How to define a strong trend ?

Discussion in 'Technical Analysis' started by moonmist, Oct 28, 2012.

  1. moonmist

    moonmist

    Hi,

    Is there any way to define a strong trend objectively ?

    Any comments and suggestions would be appreciated.

    Thanks in advance.:)
     
  2. mutluit

    mutluit

    Some TA indicators try to detect it (MACD, ATR, Bollinger Bands etc.).
    Just study and play with some indicators on these stocks:
    DIS AMGN LEN CMCSA VMED
     
  3. MadeMan

    MadeMan


    its obvious when u look at a chart ... :)

    [​IMG]
     
  4. moonmist

    moonmist

    IMHO:

    A better statement may be:

    It is obvious, when you look at a chart, provided that you had more than 10,000 hours of screen time. :p
     
  5. MadeMan

    MadeMan


    :D


    just wanted to point out .... no indicators needed
     
  6. NoDoji

    NoDoji

    The best way to define a strong trend objectively is to look at as many after-the-fact examples of what you consider a "strong trend" in your selected trading time frame and note as many markers (price patterns, indicators) as you can that occur during that strong trending price run. You should find certain markers that occur across all the examples. These become your strong trend identifiers.

    I've found that the one marker that occurs in strong trends in both my 5-min intraday time frame and my daily swing trading time frame is a failure of price to close below a 20-period EMA before resuming. In extremely strong trends, price may not even pull all the way back to a 20EMA before resuming.

    I've also found that the price action leading into the start of strong trends is usually a break out of a period of low volume consolidation with no retrace into the consolidation zone or a significant gap up through previous resistance or gap down through previous support with no retrace into the gap zone.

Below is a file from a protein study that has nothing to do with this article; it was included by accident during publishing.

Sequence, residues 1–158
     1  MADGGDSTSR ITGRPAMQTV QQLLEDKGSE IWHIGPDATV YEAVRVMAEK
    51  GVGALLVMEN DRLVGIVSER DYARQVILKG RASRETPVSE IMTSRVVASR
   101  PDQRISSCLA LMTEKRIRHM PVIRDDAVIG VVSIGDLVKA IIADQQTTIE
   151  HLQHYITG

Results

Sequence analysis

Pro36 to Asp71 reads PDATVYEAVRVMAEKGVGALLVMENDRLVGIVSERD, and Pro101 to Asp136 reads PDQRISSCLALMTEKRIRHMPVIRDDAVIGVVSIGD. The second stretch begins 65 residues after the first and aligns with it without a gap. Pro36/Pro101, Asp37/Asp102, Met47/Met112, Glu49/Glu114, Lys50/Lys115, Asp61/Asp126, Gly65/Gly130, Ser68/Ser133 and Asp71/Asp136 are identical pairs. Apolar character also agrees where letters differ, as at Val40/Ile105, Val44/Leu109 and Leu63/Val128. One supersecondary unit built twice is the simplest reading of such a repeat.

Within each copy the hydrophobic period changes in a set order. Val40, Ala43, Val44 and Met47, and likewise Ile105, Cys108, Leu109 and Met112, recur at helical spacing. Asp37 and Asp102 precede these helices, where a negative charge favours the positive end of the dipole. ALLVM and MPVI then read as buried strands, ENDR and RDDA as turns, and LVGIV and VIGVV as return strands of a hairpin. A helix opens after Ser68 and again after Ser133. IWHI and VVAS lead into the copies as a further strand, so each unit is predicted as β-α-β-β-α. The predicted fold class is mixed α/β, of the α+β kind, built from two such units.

Since you never know for sure if either of these conditions will trigger a trend, much less a strong trend, you must do what all traders do on a regular basis: Assume the risk, be prepared to take a loss at the price where the breakout would be considered a failure, and let the winner run until the trend puts in a clear reversal signal in your trading time frame.
     
  7. 5 bars back on the timeframe your trading, calculate how much of it is within the noise and deviations from the noise. Then look at more bars back.

    (uptrend)

    h>h1
    h1>h2
    h2>h3
    h3>h4
    h4>h5

    l>l1
    l1>l2
    l2>l3
    l3>l4
    l4>l5

    calculate how many bars achieve this before failing (subset 1)

    subset 1(high) > subset 2 (high)
    subset 2(high) > subset 3 (high)
     
  8. moonmist

    moonmist

    I have been examining price, indicators, other markers, etc., to find a set of conditions under which common reversal patterns would fail most of the time. Still experimenting.:p


    Yes. In a strong uptrend, price does not close below the twenty-period EMA. In an extremely strong uptrend, price may not even close below the nine-period EMA. How many bars need to close above the twenty or nine-period EMA before one can say that there is a strong uptrend ? I guess that is where experience and screen time count.:D



    Yes. As a trader, we have to deal with uncertainty. No risk, no gain.:p
     
  9. vinc

    vinc

    funny how after so much stress on objectivity so many people still don't get it or disregard the notion completely / e.g. by some stupid 10 000 hr rule - as if 1000000000000000 hours would make a trader objective!! /
    well.. waste of time probably..
     
  10. Lucrum

    Lucrum

    + 1


    Which is absolutely true.



    What sort of "definition" is the OP looking for? Something that can be coded?
     
    #10     Oct 28, 2012